Although it is most potent in its first hour, Neill Blomkamp’s Elysium (B-) is a sturdily crafted allegory about the haves and have nots of a dystopian future. Matt Damon oozes Everyman charm as the hero, and Jodie Foster chews the scenery of her frosty, somewhat underwritten villainess role. The best parts – the heady, political stuff, dissipates into brief action set pieces toward the end. The effects and art direction are strong throughout. Very good at times and altogether just a bit less than the sum of its ambition. Still recommended.
Gueillermo del Toro’s Pacific Rim starts out as an A, drifts into a C and ultimately becomes a better-than-average B movie. The geek-tastic premise: to fight gigantic sea monsters, the nations of earth have created huge robots co-piloted by warriors who mind-meld to spar with the modern-day godzillas. Charlie Hunnam is earnestly appealing and the creature effects better than average. The flick is best when it espouses its bizarro mythology or plumbs the depths of the protagonists’ emotions, even though most are just Starship Troopers deep. Still, it’s a worthy adventure yarn and should appeal to the 11-year-old-boy-brain that yearns for a summer movie that is filled to the rim with adventure.
Neill Blomkamp’s District 9 (B+) is an amazing hybrid science fiction action film and part dramatic mockumentary that chronicles the ghettoization of alien life forms in Johannesburg. Sharlto Copley holds together most of the scenes with human interactions, spliced with news footage and a series of interviews as illegal experiments are exposed and as a battle ensues. It’s an intriguing metaphor for Apartheid and a whole new way of making an alien movie.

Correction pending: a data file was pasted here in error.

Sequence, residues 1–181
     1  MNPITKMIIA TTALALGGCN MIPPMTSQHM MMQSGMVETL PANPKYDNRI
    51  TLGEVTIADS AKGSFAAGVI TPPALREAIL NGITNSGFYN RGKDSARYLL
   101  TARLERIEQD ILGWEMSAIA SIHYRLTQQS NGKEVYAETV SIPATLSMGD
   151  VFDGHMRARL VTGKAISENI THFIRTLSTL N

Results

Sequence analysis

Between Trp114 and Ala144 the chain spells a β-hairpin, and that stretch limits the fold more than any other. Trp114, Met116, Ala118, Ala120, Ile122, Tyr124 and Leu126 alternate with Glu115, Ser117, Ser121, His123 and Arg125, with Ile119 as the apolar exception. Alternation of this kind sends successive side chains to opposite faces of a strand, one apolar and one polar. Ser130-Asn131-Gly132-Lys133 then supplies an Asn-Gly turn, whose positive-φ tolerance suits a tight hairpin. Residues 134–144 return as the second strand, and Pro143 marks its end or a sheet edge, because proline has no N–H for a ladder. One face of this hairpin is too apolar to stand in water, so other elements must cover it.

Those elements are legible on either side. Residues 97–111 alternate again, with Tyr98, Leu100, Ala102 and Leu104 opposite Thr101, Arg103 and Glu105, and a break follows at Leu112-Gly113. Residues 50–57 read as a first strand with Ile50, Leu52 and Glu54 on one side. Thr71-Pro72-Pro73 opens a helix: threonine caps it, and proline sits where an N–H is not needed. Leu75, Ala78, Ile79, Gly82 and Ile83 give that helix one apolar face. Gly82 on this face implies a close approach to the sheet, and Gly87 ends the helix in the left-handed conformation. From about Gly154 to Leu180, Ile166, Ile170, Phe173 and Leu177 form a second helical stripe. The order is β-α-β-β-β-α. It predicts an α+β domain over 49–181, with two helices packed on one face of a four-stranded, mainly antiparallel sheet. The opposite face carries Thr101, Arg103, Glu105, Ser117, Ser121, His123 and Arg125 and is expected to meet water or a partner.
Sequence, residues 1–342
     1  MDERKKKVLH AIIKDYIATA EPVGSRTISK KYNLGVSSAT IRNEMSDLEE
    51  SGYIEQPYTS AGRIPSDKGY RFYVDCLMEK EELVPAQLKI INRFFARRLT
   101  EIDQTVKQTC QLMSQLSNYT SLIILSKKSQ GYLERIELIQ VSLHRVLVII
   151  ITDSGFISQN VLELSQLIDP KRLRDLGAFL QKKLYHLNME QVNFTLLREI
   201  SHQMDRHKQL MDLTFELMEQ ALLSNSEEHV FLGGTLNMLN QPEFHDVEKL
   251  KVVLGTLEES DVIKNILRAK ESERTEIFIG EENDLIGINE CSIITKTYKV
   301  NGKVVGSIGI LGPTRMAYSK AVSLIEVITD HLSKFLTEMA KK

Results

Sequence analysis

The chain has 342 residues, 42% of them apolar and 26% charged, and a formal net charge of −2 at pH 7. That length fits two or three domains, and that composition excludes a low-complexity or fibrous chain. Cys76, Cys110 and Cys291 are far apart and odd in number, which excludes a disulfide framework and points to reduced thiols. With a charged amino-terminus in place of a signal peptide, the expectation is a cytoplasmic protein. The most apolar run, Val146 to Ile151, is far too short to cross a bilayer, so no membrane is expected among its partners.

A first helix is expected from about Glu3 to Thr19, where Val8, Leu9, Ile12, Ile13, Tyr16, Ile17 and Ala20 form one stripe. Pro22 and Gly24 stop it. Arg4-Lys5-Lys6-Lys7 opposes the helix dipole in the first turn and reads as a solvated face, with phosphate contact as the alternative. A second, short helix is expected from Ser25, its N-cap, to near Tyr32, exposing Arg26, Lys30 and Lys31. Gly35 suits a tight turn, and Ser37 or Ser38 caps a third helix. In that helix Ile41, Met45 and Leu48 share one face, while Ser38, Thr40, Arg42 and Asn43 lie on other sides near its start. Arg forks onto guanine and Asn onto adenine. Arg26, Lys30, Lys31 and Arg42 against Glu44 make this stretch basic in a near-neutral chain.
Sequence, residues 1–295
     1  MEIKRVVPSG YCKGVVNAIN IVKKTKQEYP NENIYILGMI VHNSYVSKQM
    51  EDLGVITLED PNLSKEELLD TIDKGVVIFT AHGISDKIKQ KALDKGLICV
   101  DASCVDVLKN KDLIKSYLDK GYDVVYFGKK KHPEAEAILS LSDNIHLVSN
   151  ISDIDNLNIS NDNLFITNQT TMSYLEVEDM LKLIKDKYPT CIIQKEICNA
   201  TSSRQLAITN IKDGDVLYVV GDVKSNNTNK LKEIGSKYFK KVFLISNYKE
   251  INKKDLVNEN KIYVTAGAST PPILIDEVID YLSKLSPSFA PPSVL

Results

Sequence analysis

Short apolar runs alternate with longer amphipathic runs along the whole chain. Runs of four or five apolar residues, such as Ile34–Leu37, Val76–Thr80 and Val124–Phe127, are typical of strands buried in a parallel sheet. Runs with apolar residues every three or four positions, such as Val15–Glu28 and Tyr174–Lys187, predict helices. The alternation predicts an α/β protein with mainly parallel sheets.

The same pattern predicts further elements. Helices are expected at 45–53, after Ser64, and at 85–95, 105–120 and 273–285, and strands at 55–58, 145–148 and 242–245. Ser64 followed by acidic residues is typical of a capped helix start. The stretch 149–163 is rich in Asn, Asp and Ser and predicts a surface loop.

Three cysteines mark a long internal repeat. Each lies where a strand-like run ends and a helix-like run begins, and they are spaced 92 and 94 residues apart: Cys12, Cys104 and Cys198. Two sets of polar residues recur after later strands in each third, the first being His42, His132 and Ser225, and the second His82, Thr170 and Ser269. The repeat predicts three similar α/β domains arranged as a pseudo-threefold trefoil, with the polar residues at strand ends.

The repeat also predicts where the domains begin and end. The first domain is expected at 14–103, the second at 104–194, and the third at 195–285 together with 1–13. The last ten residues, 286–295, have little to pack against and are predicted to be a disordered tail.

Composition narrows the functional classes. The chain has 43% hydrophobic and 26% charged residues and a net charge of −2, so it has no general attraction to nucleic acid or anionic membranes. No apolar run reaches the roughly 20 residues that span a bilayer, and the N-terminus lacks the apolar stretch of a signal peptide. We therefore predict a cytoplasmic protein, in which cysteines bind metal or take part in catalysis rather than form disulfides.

Matt Reeves’ Cloverfield (C) is a mash-up of found footage horror movie and a Godzilla action film, but the you-are-there format fails to impress, and the lizard fails to scare. It just feels a little tedious and cheap and is better remembered for its pre-release hype and buzz campaign. A game cast including Lizzy Caplan and T.J. Miller doesn’t have much to do as young New Yorkers start off celebrating a friend’s farewell and then fleeing for their lives. There are a few passable action sequences and occasionally some nice camera trickery, but it doesn’t add up to much. We want to exclaim, “It’s alive…” but really it’s just ok.